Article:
Ken was born and raised in Japan, and he is fluent in Japanese. The last time I went on tour in Tokyo I brought home several Japanese fashion magazines and a new generation Tamagotchi that only speaks Japanese. Ken patiently translated several articles for me (my favourites were a makeup tutorial on ‘How to Achieve 3D Eyes’, and a dating column, ‘Beware of Snake Man’) and my Tamagotchi instructions. Thanks to him I managed to raise three generations of virtual pets. Ken is a really good friend.

A couple of years ago I had the pleasure of meeting Ken’s mother; a beautiful, statuesque, blonde Italian woman – who moved to Japan after marrying Ken’s father (a Japanese martial artist) and has been there since. Learning that Ken is half Japanese and half Italian explained so much of his design aesthetic; the combination of beautiful, hand-drawn images and bold graphic design hinting at Italian futurism. His craftsmanship is beyond reproach. Ken is the utmost synthesis of both of these aesthetically rich cultures.

On Ken’s CV, after his impressive education, work history, and numerous awards (for which he never brags, of course) he lists his volunteer activity: dog walker.

When I found out that Ken is vegan I asked what his favourite restaurant is, and he replied “I really like Wayne Gretzky.”

Because Ken develops websites and is so up to date with all the technological advancements and devices, you’d expect that he would always have the newest gadgets on the market, but Ken still uses his trusty iPhone 4. The other day he came over and took it out of his pocket; it was inside a ziplock bag. “What’s that?” I asked. “Oh, that’s my new phone case,” he replied.

Ken makes some of the most brilliant animations I have ever seen. Despite having access to powerful software to simplify his process, Ken continues to animate frame-by-frame. This painstaking attention to detail is what makes his work so powerful, regardless of genre, and this is why I love it so much. Everything he creates – illustrations, websites, print layouts, branding, logos – makes tangible the soul of this most wonderful, unique, and talented person.

Kazoo! Fest alumni Clara Venice creates ethereal, dream pop music using an array of instruments inspired by her classical music training and her life as a 21st century pop princess.  She has performed around the world alongside her hologlamorous video personas, opening for the Violent Femmes, Rough Trade, Carole Pope and BNL.

Ed Video and Kazoo! Fest present YKMSNTR by Ken Ogawa, featuring a new animation with a soundtrack by Clara Venice. The work will be up from April 7th to 28th 2018 at Capacity 3 Gallery (6 Dublin Street S.) where there will also be a reception on Sunday April 15 from 10am – 1pm.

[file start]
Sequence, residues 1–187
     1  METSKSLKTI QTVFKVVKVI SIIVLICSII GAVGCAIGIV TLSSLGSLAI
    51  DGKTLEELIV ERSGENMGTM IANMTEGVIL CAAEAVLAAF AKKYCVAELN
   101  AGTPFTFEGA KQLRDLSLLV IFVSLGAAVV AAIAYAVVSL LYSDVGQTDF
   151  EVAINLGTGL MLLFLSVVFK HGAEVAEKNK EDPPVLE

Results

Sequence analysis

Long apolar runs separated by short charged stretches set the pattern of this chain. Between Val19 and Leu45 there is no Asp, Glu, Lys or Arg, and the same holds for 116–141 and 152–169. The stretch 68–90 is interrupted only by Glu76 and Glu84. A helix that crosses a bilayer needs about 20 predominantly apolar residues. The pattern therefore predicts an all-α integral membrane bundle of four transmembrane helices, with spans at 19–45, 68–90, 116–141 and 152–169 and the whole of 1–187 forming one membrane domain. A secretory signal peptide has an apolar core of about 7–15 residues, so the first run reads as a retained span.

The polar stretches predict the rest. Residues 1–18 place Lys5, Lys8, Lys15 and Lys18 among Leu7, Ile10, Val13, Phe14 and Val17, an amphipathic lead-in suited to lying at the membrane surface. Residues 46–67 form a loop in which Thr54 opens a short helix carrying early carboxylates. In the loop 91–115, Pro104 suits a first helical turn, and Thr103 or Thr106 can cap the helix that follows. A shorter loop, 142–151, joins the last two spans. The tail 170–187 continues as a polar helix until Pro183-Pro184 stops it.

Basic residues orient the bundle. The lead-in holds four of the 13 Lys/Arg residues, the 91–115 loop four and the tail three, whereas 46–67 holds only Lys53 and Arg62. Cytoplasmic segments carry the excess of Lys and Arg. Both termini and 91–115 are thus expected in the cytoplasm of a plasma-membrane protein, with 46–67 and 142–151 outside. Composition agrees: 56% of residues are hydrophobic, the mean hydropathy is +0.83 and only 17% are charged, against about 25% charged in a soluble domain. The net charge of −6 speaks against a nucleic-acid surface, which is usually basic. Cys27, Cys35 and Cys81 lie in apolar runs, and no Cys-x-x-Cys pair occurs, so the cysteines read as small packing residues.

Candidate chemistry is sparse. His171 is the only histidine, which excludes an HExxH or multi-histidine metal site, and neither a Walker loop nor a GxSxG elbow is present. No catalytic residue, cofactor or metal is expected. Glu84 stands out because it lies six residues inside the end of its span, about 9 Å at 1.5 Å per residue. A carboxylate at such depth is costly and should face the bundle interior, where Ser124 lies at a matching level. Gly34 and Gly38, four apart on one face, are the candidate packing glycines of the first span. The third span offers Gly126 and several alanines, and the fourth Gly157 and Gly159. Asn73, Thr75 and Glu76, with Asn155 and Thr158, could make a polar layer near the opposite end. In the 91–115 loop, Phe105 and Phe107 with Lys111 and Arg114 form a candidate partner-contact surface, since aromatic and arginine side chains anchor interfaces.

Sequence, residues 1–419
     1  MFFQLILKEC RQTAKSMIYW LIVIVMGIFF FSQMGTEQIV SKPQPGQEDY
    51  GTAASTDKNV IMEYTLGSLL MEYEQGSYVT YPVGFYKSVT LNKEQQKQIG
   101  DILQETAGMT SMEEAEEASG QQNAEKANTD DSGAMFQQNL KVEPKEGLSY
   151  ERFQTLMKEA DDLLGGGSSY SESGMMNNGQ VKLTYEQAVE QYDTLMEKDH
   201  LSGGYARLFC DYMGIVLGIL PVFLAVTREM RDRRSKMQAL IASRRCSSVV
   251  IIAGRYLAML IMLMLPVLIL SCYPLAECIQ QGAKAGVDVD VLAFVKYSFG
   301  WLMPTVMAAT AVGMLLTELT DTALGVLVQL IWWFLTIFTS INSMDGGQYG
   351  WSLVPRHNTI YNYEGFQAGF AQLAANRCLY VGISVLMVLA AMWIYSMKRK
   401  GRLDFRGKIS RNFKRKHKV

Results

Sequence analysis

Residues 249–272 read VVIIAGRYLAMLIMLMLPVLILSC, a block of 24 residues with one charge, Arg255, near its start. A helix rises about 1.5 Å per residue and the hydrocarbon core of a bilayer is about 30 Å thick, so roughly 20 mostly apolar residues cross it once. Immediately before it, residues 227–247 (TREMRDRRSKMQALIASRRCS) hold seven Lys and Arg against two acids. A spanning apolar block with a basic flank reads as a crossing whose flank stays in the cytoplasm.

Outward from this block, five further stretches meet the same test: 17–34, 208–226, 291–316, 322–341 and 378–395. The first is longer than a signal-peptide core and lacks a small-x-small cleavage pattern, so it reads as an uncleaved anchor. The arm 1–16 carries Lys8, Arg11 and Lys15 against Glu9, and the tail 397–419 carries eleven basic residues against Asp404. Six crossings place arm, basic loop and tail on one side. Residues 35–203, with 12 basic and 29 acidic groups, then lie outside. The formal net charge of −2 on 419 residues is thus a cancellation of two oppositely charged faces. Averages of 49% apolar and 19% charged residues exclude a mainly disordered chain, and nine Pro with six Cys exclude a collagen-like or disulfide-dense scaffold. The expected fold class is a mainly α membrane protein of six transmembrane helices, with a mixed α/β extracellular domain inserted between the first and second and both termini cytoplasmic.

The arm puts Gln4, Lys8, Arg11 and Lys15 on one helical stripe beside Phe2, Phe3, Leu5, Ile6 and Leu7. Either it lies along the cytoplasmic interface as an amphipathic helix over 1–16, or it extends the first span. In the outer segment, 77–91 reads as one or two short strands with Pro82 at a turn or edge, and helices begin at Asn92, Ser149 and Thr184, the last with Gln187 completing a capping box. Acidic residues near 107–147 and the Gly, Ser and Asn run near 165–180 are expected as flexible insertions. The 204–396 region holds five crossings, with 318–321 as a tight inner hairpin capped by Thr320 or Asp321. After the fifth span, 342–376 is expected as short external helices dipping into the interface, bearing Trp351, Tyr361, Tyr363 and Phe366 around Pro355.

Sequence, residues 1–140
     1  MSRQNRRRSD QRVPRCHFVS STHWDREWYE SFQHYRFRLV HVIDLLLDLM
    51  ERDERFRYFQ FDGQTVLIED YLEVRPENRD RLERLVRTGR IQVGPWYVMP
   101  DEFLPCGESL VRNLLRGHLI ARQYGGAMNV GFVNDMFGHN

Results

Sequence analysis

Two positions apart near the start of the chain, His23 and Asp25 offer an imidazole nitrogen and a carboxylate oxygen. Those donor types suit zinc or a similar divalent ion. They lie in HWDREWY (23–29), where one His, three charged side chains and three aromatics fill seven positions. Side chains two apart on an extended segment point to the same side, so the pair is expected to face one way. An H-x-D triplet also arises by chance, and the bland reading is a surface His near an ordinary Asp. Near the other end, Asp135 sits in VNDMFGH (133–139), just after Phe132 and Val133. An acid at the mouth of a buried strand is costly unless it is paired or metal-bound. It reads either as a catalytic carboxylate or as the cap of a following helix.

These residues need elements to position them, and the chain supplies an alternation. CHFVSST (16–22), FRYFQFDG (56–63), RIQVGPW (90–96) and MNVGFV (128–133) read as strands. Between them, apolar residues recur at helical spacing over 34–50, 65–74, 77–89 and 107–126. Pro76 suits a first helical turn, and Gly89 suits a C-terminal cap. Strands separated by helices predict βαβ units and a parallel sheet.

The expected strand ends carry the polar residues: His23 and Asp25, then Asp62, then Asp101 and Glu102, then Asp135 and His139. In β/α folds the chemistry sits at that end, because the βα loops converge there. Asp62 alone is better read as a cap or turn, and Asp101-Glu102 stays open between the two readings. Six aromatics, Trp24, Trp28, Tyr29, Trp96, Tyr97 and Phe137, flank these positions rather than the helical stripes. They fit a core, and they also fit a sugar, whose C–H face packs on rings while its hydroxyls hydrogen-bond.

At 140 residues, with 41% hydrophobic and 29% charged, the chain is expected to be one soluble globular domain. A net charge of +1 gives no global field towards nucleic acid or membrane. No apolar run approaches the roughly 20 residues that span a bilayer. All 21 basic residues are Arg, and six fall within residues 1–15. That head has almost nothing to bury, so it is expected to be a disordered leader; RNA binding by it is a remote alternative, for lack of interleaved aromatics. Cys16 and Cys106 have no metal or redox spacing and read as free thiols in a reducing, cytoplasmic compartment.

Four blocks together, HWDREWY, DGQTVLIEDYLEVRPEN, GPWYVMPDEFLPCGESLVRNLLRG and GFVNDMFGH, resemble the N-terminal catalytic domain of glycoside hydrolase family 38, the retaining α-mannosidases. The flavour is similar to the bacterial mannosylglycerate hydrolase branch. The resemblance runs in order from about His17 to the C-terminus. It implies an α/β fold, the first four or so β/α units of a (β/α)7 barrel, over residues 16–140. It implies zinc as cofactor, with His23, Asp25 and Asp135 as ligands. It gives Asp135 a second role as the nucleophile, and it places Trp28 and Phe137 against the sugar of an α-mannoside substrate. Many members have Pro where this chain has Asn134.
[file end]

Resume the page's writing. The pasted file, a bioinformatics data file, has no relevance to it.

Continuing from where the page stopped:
Why No Boys Rule by Will Wellington

No Boys

What is it that rises in my chest when I listen to No Boys (or noboys, or noboyz420), the jangly, jazzy Guelph quartet of singer Jon St. Michael, guitarist Emily Reimer, bassist Anne-Marie Walters, and drummer Trevor Cooke? Not a feeling, but a curious mingling of feelings. Ecstasy and longing. Euphoria and loss.

Let’s call it love — but not love like windswept hair and roses clenched in teeth. Jon St Michael even jokes about musicians who peddle that kind of love on the demo for “Secongary,” a shuffling, sad, sexy number about love over long distances: “Shiiiiiit … rockin’ with you smooth,” he purrs.

Jon and his crew have tapped into something even sweeter. Through their splendid blend of humour and heartbreak, they get at the real, plain, everyday feeling of deep affection and attachment that you develop over time for the people you eat, sleep, fight, shoot the shit, and play music with — love, but the kind of love that sneaks up on you, that you often only notice when it’s gone.

It helps that so many of their songs are about the love between friends, like “Brandon” and “Antonio,” both named after their real-life subjects. “Brandon” manages to capture the unique melancholy of growing apart from a friend without a whiff of bitterness, honouring love and lack simultaneously. “I never had the heart to ask / It seems it’s for the best … And you know I love you / As I said I would,” sings Jon.

“Antonio” is even more unusual, a song composed of inside jokes between roommates, goofy phrases like “You’re the master of all things pasta.” Jon’s delivery, punctuated by passionate sighs, gives this twee adoration touching potency, turning a gag tune into a transcendent celebration of companionship.

Throughout all of this I’ve barely touched on their instrumentals, which meld so well with the poetry as to be truly inseparable — Jon’s vocals are even often submerged in the mix, swirling in the harmonies. On guitar, Jon favours stripped back seventh chords, adding a pinch of dissonance without getting fussy. The bass, handled handily by Anne-Marie, harmonizes simply and gorgeously beneath, creating a rich, saturated under-layer upon which Emily’s trebly, jangling lead lines can skate. Trevor’s drums are tight and restrained, propelling the band’s surging sound.

The total effect is full of fuzz, blur, and crackle, like an old Polaroid, or a family video on VCR — a sound perfectly suited to their wistful songcraft. They don’t go in much for big dynamic shifts, but, again, that fits their aim to bottle the kind of emotions that fill you up and take you over. It’s colourful, it’s funny, it’s sweet, it’s sad, it’s full of joy.

Music ought to make you feel something, right? Music that makes you feel like this? That rules.

Will Wellington plays in Guelph bands Drunk at the Library & Mad Marion, writes for The Ontarion, and publishes interviews at wowgreatwow.com.

No Boys play at Kazoo! Fest 2018 on Wednesday April 11th with Mauno at eBar (41 Quebec St.)